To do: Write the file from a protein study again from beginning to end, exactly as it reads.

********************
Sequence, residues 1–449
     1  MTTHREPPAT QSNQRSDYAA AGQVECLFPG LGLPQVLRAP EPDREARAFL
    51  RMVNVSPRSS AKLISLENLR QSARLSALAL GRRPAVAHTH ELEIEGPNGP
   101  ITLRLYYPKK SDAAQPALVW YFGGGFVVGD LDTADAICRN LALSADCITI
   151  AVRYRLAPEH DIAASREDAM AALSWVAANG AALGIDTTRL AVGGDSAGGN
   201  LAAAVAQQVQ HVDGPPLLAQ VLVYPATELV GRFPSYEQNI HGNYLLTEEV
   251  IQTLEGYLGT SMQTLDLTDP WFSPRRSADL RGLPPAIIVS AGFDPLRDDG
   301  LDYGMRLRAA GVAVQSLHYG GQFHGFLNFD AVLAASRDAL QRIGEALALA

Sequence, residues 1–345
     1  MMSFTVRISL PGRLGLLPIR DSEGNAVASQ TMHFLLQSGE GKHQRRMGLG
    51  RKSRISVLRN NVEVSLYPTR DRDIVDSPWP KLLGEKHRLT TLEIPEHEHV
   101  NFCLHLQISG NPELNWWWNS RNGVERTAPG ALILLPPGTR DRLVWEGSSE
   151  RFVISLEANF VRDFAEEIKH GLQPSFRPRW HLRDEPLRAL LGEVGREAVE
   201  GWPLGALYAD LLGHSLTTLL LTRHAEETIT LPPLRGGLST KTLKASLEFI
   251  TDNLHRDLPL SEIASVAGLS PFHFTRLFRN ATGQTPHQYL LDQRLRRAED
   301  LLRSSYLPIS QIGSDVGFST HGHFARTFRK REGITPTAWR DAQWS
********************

Sequence, residues 1–449
     1  MTTHREPPAT QSNQRSDYAA AGQVECLFPG LGLPQVLRAP EPDREARAFL
    51  RMVNVSPRSS AKLISLENLR QSARLSALAL GRRPAVAHTH ELEIEGPNGP
   101  ITLRLYYPKK SDAAQPALVW YFGGGFVVGD LDTADAICRN LALSADCITI
   151  AVRYRLAPEH DIAASREDAM AALSWVAANG AALGIDTTRL AVGGDSAGGN
   201  LAAAVAQQVQ HVDGPPLLAQ VLVYPATELV GRFPSYEQNI HGNYLLTEEV
   251  IQTLEGYLGT SMQTLDLTDP WFSPRRSADL RGLPPAIIVS AGFDPLRDDG
   301  LDYGMRLRAA GVAVQSLHYG GQFHGFLNFD AVLAASRDAL QRIGEALALA

Sequence, residues 1–345
     1  MMSFTVRISL PGRLGLLPIR DSEGNAVASQ TMHFLLQSGE GKHQRRMGLG
    51  RKSRISVLRN NVEVSLYPTR DRDIVDSPWP KLLGEKHRLT TLEIPEHEHV
   101  NFCLHLQISG NPELNWWWNS RNGVERTAPG ALILLPPGTR DRLVWEGSSE
   151  RFVISLEANF VRDFAEEIKH GLQPSFRPRW HLRDEPLRAL LGEVGREAVE
   201  GWPLGALYAD LLGHSLTTLL LTRHAEETIT LPPLRGGLST KTLKASLEFI
   251  TDNLHRDLPL SEIASVAGLS PFHFTRLFRN ATGQTPHQYL LDQRLRRAED
   301  LLRSSYLPIS QIGSDVGFST HGHFARTFRK REGITPTAWR DAQWS